A 1920s Guesthouse Bathroom Gets A Modern Makeover

Modern maker and designer Jeran McConnel believes that simplicity is key in creating small spaces that carry big impact; she applied that philosophy to her latest renovation to achieve these beautiful results.

This article originally appeared in my column for DWELL

Jeran McConnel is a designer who’s collaborated with West Elm and The Land of Nod. She’s also the founder and creator of Oleander and Palm, a lifestyle blog based on the principle of Simple California Living. After 14 years as a resident of California’s central coast, McConnel and her family purchased a 2400-square foot, 1920s California Craftsman in one of Bakersfield’s historic districts with the goal of turning the house into their forever home.

With the purchase, McConnel also inherited a 265-square foot guesthouse built in 1918 that had been boarded up for nearly 50 years. This winter, she pulled the planks that covered the little house’s exterior off and set out to make it the ultimate guest space.

“As all our family lives out of town, we really wanted to create a guest room where anyone, especially our Grandparents, could stay comfortably,” said McConnel. “When they’re here, I want them to feel like they are staying in a tiny, modern boutique hotel.”

The guesthouse’s design centered around a mid-century inspired, 50-square foot bathroom. The bathroom’s renovation began with huge challenges as previous owners had ripped out all of the plumbing and poured cement the drains. Enlisting the help of her brother, the pair replumbed the entire space. Once the repairs were made, McConnel then removed the old fixtures and tiling.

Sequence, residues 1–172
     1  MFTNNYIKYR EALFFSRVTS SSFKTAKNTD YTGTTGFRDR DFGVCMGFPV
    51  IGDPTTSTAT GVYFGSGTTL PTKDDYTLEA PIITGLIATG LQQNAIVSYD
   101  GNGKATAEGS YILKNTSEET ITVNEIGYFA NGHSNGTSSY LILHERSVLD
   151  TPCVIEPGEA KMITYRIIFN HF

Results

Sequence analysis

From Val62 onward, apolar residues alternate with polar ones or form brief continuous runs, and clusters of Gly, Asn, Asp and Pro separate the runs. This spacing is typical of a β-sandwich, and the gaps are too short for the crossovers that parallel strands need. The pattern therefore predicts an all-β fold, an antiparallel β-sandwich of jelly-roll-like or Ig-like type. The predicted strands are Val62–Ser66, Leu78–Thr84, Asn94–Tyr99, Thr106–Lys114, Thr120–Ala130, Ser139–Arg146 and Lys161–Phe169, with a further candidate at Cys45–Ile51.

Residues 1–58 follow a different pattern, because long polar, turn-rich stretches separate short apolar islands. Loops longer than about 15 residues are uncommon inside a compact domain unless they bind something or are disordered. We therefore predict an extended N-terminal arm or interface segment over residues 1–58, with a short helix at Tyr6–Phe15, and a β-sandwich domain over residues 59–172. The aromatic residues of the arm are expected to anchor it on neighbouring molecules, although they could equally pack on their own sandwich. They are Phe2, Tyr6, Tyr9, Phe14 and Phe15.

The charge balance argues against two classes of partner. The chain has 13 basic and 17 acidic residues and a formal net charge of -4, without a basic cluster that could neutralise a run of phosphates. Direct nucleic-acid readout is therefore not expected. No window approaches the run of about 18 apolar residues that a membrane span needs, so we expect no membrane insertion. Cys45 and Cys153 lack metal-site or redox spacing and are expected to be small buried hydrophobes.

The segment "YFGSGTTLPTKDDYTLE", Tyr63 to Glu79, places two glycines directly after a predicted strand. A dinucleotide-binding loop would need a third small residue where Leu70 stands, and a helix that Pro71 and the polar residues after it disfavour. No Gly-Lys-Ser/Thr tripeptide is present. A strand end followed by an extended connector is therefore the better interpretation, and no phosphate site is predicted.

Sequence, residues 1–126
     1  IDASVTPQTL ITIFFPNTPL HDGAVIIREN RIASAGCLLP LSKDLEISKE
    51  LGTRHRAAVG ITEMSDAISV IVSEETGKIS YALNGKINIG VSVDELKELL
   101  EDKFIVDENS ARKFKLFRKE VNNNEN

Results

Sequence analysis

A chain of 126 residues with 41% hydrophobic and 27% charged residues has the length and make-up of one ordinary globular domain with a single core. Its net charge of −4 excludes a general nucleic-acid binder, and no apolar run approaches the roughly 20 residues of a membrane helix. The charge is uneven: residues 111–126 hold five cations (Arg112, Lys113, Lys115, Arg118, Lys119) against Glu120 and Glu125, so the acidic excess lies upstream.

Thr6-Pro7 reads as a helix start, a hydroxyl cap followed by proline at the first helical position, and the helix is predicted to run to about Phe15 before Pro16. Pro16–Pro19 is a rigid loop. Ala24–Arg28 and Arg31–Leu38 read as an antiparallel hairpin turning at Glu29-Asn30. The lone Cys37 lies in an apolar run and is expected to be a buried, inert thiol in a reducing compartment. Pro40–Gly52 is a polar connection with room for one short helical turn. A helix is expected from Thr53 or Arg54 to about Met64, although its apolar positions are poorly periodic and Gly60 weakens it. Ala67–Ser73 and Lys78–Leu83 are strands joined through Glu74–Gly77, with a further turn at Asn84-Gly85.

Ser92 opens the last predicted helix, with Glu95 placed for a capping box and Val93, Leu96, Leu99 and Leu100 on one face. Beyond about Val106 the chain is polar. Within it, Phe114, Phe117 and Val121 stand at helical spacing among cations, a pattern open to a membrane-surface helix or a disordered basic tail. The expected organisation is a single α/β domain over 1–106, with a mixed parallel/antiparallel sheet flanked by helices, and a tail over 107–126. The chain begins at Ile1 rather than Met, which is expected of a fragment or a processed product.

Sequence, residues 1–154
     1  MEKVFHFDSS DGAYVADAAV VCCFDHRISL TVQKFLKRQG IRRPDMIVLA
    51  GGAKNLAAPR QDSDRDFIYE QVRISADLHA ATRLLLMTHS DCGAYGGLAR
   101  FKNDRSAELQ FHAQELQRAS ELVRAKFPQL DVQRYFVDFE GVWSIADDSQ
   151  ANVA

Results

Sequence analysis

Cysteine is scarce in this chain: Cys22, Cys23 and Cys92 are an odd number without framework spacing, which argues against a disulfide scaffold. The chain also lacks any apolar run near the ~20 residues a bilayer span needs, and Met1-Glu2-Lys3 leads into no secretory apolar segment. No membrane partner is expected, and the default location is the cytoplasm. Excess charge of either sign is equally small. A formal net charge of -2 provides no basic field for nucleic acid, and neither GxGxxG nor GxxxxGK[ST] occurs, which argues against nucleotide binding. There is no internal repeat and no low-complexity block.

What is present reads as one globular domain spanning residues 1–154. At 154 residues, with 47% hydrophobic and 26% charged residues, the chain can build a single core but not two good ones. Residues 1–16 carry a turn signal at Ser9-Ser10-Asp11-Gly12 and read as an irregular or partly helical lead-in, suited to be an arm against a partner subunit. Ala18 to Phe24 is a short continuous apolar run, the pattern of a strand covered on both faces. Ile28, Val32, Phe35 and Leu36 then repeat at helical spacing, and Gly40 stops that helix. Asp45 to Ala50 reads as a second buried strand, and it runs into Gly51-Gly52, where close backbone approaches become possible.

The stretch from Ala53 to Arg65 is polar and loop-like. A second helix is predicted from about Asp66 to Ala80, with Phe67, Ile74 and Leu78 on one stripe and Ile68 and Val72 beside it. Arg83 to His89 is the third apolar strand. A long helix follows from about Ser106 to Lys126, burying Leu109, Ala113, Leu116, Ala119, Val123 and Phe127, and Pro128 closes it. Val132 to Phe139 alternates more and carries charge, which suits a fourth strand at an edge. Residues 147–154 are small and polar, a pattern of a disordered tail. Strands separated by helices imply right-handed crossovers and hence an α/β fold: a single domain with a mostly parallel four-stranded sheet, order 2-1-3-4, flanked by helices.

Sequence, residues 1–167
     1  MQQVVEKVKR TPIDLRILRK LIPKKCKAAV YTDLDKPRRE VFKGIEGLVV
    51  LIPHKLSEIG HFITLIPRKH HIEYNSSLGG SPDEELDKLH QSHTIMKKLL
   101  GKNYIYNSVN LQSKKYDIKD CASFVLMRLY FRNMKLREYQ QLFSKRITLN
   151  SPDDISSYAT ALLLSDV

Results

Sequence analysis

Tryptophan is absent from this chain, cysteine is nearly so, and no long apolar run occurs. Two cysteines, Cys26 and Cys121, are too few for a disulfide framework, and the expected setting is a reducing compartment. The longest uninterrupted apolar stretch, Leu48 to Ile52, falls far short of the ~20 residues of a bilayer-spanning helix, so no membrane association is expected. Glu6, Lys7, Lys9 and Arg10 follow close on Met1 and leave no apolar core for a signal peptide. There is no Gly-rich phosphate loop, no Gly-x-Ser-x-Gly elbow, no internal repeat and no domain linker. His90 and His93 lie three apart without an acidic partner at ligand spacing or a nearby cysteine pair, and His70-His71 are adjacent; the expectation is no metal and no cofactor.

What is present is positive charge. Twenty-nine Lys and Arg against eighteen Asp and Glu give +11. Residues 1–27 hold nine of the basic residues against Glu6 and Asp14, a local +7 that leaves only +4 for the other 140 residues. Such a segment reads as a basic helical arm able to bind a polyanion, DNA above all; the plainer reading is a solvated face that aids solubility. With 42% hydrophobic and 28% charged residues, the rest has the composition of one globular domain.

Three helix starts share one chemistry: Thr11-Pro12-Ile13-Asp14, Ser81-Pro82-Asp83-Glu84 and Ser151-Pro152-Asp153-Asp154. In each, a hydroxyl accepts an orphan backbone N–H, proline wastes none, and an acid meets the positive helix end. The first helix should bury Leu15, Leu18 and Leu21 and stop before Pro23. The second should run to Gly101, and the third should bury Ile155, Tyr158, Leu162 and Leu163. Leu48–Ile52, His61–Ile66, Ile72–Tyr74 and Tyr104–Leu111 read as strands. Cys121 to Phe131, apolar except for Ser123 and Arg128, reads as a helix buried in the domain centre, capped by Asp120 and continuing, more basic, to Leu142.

For the new design, McConnel chose to use a neutral color palette of white, gray and black, and warmed up it by incorporating wood tones and brass finishes. Through a current partnership with AllModern, she sourced the bathroom’s materials, fixtures and accessories. The Fitto Kube Bath Vanity and Kohler faucet and shower fixtures give the space the luxurious feel she was seeking. She then used Elite geometric  and white subway tiles on the floor, the walls and in the shower to create a dramatic effect without making the space feel too claustrophobic. The entire redesign totaled less than $3,000.

For homeowners working with small bathrooms, McConnel offers three pieces of advice on how to create big impact with limited square footage:

  1. Use tile to introduce patterns and color palettes, this allows you to create visual interest.
  2. Choose high-end faucets and fixtures to the make space feel opulent and open.
  3. Don’t get stuck in a theme or style, pairing a few great pieces that compliment one another is what modern is now about.

“Any modern space should be livable and functional. Be extremely picky on the elements you bring in.” – Jeran McConnel

This article originally appeared on DWELL.com where I’m a regular contributing design blogger.